Some Downtime

As I wrap up some $ work I’ve been working on, I will now have time to tackle some less important (not $ earning) things. Not that this isn’t a nailbiting time as it always is when a client beats up your work and decides whether or not to give you that final payment ;) We’re FINALLY taking off from Florida in a week so I have to wrap it up here. My hit list for the Foretravel includes changing the transmission fluid and filters as well as repairing the aquahot.

What it said

What it said

Our motorhome has the Allison HD-4060R transmission. This transmission is much like the 3000 series transmission that comes with most diesel pushers but is a little bigger, the filters are larger, and it has a larger fluid capacity. I’ve read conflicting reports of anywhere from 7 to 9 gallons of fluid will come out. The transmission pan sits lower than any other part of the engine so I needed to find a different tub that will fit under the transmission to collect the fluid. Walmart rewarded me with a 10 gallon roughneck tub today that is literally perfect for the job. $6. The cheapest 10 gallon proper oil drain pan is over $100. The Transynd transmission fluid set my wallet on fire at around $40/gallon. For 10 gallons, you can do the math. As for the aquahot, the installation in the Foretravel is err.. Well it’s space efficient but not easy to access. The boiler liquid (which is just regular engine coolant) has a very long hose that runs from the boiler tank cap to a very accessible overflow tank. In order for this system to work there can be no breaks in the line, no cracks in the hose, etc. Otherwise when the system cools, it will draw in air instead of coolant from the overflow tank. This seems to be the case as the level never moves in the overflow. Recently I discovered that when you run a faucet on full hot, you can feel the temperature gradually change from lukewarm to actually hot. The fresh water heating in an aquahot is a copper coil that runs around the coolant tank. If you think about it, it makes perfect sense that there is an air pocket in the tank and the fresh water in those sections is not being fully heated. As a result the hot water temperature goes up and down up and down as it switches between the water that was sitting against the air pocket and the hot coolant. So I’ll have to turn off the unit, let it cool, get in there, fill the tank back up, drain the overflow tank a bit (since it is stuck on the full hot level), and then finally find whatever crack exists in the overflow line and repair it.

One of the 3 circulation pumps (ironically the one that has been replaced before) was not functioning a few weeks ago when we exercised it. I’m going to try to beat on it to free it up but it may need replaced. It’s one of those things that is close to $1000 from the aquahot people themselves or $80 if you get the March pump part number and go hunting from the HVAC supply houses.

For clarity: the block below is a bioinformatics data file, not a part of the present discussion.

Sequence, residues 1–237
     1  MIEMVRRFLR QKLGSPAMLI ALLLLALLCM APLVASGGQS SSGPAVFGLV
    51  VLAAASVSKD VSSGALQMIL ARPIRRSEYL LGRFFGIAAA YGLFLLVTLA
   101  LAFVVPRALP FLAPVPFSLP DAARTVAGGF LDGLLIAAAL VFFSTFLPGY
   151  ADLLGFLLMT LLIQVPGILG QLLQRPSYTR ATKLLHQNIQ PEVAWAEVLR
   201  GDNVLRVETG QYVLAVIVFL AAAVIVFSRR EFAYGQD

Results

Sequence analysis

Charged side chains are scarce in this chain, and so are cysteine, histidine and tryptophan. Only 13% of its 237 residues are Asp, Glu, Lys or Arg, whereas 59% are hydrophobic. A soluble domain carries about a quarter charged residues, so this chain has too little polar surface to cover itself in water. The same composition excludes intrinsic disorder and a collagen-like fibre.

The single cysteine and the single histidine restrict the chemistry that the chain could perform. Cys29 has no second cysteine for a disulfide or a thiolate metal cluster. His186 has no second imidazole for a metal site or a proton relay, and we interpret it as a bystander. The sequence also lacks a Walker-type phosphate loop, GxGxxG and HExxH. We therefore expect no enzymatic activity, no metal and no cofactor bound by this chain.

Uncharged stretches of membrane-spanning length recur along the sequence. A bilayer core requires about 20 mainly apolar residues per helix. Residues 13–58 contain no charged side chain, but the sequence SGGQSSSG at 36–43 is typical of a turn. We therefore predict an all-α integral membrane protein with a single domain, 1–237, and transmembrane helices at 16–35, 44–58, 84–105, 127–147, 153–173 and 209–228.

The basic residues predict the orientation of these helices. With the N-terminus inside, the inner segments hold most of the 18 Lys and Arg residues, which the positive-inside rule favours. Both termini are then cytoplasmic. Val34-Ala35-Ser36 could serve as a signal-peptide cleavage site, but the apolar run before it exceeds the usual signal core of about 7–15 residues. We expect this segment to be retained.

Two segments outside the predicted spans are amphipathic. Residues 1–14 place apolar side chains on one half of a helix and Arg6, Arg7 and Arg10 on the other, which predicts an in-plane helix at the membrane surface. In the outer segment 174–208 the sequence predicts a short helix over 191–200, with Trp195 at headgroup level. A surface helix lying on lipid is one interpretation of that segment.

Like most things involving rv’s (and stick homes) and especially diesel pushers, the world is ready to fleece you if you allow it - but there seems to always be a way around it. I’ve done roughly $7,000 of maintenance so far for a little over $1,000 in materials. Yeah it took some time but it’s not a bad pay rate even compared to IT work. I gain a familiarity with my coach that will help ease my fears of tackling the repair of a breakdown in the middle of nowhere and that’s worth something too.

The other no $ thing I want to hit is this site. When I originally created this site, I wasn’t sure how long we’d be living in an rv full time or if we would at all. I threw it up really quick and dirty like. My primary motivation for building the site to begin with was to play with the time lapse video. A friend of mine did a live feed from one of their trips and I was fascinated by it. Since it seems like it’s not going anywhere, for the first time in my life I’m going to try to not immediately discount my web/graphics design capabilities. I’m going to learn the tools I need to learn and spend the time to make the site really nice. There will be plenty of new features and some of the content will be a lot more intuitive to access. I also came up with some gangbuster ideas for a new site that have been brewing in my head. It’s a bear of a job so I’m still stewing over it and will be for some time before I actually decide to go forth and code. The interesting thing is that counterintuitively the entire idea for the site came from an awesome monetization idea. Usually you come up with a site and then beat your head against the wall figuring out clever ways to make money from it. That seems like a good sign to me.

PS: I’m both excited and scared of the truck fuel islands I will be required to use. They don’t seem to have a consistent procedure as far as pump authorization and I’ve heard the truckers don’t really like RVers. We have 14 tank left of our 200 gallon tank and that means we will be taking on $600 of fuel the first fillup!